Exploring Northern NSW In 48 hours


  • 360° of the Milky Way over Lennox head
  • Exploring the open rock faces at bald rock national park, and watching the sunset over the horizon
  • Watching the sunrise over Girraween National Park


My mate (@olliecooper_) and I began by exploring the old train line that runs through Murwillumbah through Past Byron bay, then headed to Lennox head to spend the night. Dyer shooting Astro for half an hour, we had to go and get ready for the night (get our tent set up).

Camping under the stars and waking up to go out to photograph sunrise over the headland was a great way to spend the first night, despite the lack of sleep. From there we drove to Killen falls, where you can stand underneath the water fall, without the problem of other tourists or people getting in the way. From there it’s about a two hour drive to the falls (Queen Mary Falls and Daggs Falls). Here you can experience a (somewhat) large waterfall. While these falls are a bit more popular, on the Queen Mary Falls circuit you can walk an extra 5 minutes to the bottom, where you can experience it from the best view, with far less people around.

After that we drove to bald rock national park (about an hour an a half drive) where we experienced the steep rock faces and panoramic views of New South Wales and Queensland. We stayed until the sun had set and made it back to the car in the dark (only getting lost once).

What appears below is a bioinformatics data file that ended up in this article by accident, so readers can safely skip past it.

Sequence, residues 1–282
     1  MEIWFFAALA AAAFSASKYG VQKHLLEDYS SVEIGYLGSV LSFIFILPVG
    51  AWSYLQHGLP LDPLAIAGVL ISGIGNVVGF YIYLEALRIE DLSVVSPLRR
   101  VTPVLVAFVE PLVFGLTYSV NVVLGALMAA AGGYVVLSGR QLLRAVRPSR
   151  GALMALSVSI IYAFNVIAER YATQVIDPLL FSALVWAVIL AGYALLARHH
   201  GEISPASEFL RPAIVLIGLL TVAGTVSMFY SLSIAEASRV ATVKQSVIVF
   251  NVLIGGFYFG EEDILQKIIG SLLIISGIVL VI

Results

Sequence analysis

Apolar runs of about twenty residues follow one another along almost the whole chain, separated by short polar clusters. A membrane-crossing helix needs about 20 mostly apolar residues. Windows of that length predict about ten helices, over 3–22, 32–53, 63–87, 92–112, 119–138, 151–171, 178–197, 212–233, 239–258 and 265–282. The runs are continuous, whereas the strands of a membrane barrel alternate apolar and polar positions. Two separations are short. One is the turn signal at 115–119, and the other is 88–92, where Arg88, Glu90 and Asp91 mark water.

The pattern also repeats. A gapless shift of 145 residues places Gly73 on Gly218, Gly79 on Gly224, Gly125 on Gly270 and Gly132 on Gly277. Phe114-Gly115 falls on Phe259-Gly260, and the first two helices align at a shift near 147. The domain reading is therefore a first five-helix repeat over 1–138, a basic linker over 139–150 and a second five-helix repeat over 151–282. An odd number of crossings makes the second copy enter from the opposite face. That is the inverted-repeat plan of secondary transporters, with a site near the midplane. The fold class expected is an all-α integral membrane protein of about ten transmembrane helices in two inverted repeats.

We then moved back to our place in Stanthorpe and later (after a quick google maps search) found we were about 2 minutes away from a train bridge, so we decided to check it out. We were greeted with extremely clear skies and a train bridge dimly lit by the moon behind us (perfect for Astro photography). We then headed home for some well deserved sleep.

The next day it was an early rise, around 4:30am, to head out to Girraween national park for sunrise. The drive was about 30 minutes, and the walk up to the base of the rock was fine. We then proceeded onto a stressful 20 minutes of climbing (in very poor light). The rock was a steep and slippery slope on open granite, which was consistent until we made it to the top. We were greeted with amazing 360° views of the rest of the park and beyond, and huge rocks balancing on the side of the pyramid. We stayed to shoot sunrise then made our way down (which ended up being far more slippery than the climb was), and drove home.

Essential gear required

    • Tent
    • Torch
    • Proper shoes (as grippy as possible)
    • Camera
    • Phone (GPS mainly)
    • Gloves in winter

How to get there

Most of the locations I listed can be searched on google maps, and we did the Pyramid walk at Girraween National Park.


  • Photography
  • Camping
  • Hiking
  • Slipping

Skill level

Most of it is beginner, the only difficult walks were bald rock and Girraween. Bald rock was quite steep, but there is a less steep walk also possible, but Girraween was quite challenging. Especially with slippery shoes and a lot of camera gear, walking (and crawling) up the rock face was quite a nerve racking task at some points, and definitely wouldn’t be for everybody, although I’m sure the rock would be dryer and therefor less slippery in the afternoon. Make sure you’re with a friend.

Distance covered

As far as driving goes, we figured out we covered around 1000km over the three days. All of the walks we did were under 5km easily, most of them were less than 10 minutes from the car to the location.